Mental Health & Healing: Happiness as a Habit

For far too many of us, we view happiness as an ellusive emotional state rather than a conscious choice. The positive benefits of inducing and enjoying a happy internal state plays a vital role in maintaining mental health.

As someone who has struggled with mental illness for 2 decades now, I’ve learned how to take control of my internal state and induce happiness and joy on demand. Like anyting else, on our journey to health and healing, exhibiting a happy demeanor takes time and effort. All good things do.

“Happiness is a habit – cultivate it” 

– Elbert Hubbard

A frequent refrain here on my mental health blog is the concept of radical ownership for things within the realm of our personal control.

I frequently say, “Life isn’t something that’s happneing TO us, it’s something happening THROUGH us.”

The most empowering outlooks and mental states are the ones that increase personal responsibility and accountablity for our personal well-being.

Take Responsibility for Your Happiness

Many of us spend our lives at a happiness deficit because we make the mistake of outsourcing our level of personal happiness to external circumstances. Doing so, leads to toxic relationships and unstable emotional states.

Our level of happiness is fully our responsibility and ours alone.

As hard as it may be to believe, we can be just as happy as we choose to be. Obviously, a bold statement from someone who is bipolar.

In most cases, I begin to experience depression when I get loose with the activities that increase my emotional intelligence and help me maintain my mental health. When I don’t get quality sleep. forget to take my medication, or eat crappy food.

When I take personal responsiblity for the different factors that play a part in coping with and dealing with my mental illness, I give myself a “fighting” chance. I think better, feel better, and take meaningful action.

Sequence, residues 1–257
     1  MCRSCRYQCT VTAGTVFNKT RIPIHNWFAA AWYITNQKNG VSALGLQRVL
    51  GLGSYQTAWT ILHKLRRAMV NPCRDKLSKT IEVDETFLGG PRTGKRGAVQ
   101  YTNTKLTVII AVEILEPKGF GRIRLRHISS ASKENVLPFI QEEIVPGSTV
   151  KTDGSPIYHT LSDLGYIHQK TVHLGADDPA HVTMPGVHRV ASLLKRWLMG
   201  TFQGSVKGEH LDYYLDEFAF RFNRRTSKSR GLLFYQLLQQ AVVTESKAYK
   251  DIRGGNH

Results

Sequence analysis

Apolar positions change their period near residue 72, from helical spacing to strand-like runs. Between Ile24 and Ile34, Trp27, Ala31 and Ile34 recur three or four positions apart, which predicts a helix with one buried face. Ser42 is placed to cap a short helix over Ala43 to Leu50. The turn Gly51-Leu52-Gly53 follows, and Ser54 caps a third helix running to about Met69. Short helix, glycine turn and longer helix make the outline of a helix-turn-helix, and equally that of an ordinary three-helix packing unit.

There’s No Magic Pill

Over the years, I’ve learned that there’s no magic pill that will make me happy all the time. Medication plays just a small role in many other factors that contribute to my personal happiness.

When I sleep well, hydrate, feed my brain healthy fats, get natural vitamin D, take walks, read, and write/journal consistently, I’m happier and healthier if I were to rely solely on medication.

This is what I mean by giving myself a “fighting” chance. It involves taking responsibility for all the areas of my life that I can postively impact my mental health and find happiness.

Most of Us Have it Backwards

Practicing happiness as a habit is an internal game that bleeds into every other area of our lives. A more happier us is the answer to improving external conditions. This is backwards from what most of us do.

Most of us focus on trying to influence the material world outside of ourselves so we can be happy. As long as we view happiness in this way, happiness will remain mystical and ellusive. If we want to experience happiness in greater measure, we must view happiness as a personal choice – A habit.